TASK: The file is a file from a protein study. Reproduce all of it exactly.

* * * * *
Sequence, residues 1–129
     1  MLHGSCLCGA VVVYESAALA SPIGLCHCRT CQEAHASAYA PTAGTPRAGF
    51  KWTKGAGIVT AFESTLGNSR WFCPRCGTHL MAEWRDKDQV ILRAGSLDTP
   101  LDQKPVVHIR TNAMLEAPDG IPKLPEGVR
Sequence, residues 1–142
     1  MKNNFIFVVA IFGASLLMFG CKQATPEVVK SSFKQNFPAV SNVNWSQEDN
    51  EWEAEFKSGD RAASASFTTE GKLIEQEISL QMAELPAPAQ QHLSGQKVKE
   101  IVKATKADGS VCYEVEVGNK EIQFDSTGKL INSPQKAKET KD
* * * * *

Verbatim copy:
Sequence, residues 1–129
     1  MLHGSCLCGA VVVYESAALA SPIGLCHCRT CQEAHASAYA PTAGTPRAGF
    51  KWTKGAGIVT AFESTLGNSR WFCPRCGTHL MAEWRDKDQV ILRAGSLDTP
   101  LDQKPVVHIR TNAMLEAPDG IPKLPEGVR
Sequence, residues 1–142
     1  MKNNFIFVVA IFGASLLMFG CKQATPEVVK SSFKQNFPAV SNVNWSQEDN
    51  EWEAEFKSGD RAASASFTTE GKLIEQEISL QMAELPAPAQ QHLSGQKVKE
   101  IVKATKADGS VCYEVEVGNK EIQFDSTGKL INSPQKAKET KD